Reply to  Art
October 8, 2019 12:51 am

No, they called it the New Ice Age!

October 7, 2019 7:59 pm

The California Coastal Commission is getting there, slowly but surely. As you know, the plan to forbid Del Mar from protecting itself is just a ruse. If you will, a gambit, designed to up the pressure in the residents of Del Mar. But why, you ask. Why would they do such a thing?

Attend, dear reader, and I shall illuminate.

First, the Coastal Commission seizes the entire town under Eminent Domain. They must have a proper “for public purpose” reason. The good and proper reason will be to prevent catastrophic loss of life due to sea level rise. Remember, this is California. Always remember that.

Second, they will decide that “the facts have changed”. With further research, and new insights into the problem, it is now seen that that a coastal defense plan is, indeed viable. With this keen new insight, they announce that it will not be necessary to destroy the whole city after all. {How very progressive of them}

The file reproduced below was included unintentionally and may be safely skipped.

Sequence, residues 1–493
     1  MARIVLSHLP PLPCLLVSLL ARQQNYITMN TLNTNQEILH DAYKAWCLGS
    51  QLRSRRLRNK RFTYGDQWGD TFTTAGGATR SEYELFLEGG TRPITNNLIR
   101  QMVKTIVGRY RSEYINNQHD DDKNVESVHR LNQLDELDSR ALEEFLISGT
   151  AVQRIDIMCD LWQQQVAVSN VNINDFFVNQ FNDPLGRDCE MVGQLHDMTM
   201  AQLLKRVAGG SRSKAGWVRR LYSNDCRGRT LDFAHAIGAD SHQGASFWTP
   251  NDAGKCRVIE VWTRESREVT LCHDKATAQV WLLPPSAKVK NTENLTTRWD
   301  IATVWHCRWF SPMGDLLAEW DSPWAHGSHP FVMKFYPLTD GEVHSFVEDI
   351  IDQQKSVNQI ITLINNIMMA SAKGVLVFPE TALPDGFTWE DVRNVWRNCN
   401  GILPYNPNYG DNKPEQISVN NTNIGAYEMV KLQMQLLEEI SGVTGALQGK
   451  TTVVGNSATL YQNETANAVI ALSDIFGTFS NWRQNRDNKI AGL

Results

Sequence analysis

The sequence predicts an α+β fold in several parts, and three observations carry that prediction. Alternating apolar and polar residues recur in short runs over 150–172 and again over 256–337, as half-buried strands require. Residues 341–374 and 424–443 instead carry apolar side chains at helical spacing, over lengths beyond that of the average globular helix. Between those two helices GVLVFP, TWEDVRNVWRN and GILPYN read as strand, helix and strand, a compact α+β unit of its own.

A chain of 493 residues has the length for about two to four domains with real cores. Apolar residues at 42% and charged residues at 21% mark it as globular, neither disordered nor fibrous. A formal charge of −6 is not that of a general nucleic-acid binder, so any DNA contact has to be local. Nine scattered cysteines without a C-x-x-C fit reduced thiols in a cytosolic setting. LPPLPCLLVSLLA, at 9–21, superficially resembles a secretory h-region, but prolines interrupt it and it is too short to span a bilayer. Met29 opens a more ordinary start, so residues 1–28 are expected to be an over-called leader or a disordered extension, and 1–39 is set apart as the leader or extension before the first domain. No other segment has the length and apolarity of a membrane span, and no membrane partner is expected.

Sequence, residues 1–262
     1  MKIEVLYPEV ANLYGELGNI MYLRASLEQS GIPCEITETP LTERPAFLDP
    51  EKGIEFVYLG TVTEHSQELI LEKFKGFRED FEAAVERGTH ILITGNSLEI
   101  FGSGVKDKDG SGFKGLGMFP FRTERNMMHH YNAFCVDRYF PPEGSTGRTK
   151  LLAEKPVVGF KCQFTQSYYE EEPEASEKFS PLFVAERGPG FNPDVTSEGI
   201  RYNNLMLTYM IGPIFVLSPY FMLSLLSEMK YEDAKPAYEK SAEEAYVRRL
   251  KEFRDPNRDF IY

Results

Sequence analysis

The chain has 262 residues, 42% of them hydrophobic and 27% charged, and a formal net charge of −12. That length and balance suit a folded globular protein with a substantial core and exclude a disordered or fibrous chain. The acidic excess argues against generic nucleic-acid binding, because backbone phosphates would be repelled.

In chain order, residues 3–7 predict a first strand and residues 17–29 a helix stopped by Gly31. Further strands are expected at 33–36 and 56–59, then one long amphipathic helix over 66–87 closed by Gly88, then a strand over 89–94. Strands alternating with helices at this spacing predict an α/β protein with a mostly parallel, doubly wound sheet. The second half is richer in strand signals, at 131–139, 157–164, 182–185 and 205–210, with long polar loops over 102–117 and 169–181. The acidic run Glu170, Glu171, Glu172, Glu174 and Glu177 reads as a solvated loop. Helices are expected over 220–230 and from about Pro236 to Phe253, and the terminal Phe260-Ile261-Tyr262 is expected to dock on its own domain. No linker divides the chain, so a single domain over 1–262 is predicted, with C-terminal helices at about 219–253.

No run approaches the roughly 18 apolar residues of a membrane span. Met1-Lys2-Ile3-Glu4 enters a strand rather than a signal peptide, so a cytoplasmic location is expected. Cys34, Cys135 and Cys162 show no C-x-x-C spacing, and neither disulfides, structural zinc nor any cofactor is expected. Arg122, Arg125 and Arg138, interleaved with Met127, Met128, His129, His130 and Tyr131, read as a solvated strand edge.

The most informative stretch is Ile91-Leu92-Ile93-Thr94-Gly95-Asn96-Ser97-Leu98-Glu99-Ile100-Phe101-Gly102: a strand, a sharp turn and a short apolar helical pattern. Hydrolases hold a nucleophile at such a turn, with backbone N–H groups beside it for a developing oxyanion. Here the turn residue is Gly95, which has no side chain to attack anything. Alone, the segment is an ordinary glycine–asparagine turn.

Third, the Coastal Commission will deed over the entire city to a Real Estate Commission set up specifically for the purpose. This Commission will have the responsibility for the management, sale, and final disposition of all the properties and businesses in the city. For the sake of Transparency and of course, Accountability, all the members of the Real Estate Commission will be family members, relatives, and friends of the Coastal Commission members. {How about that?}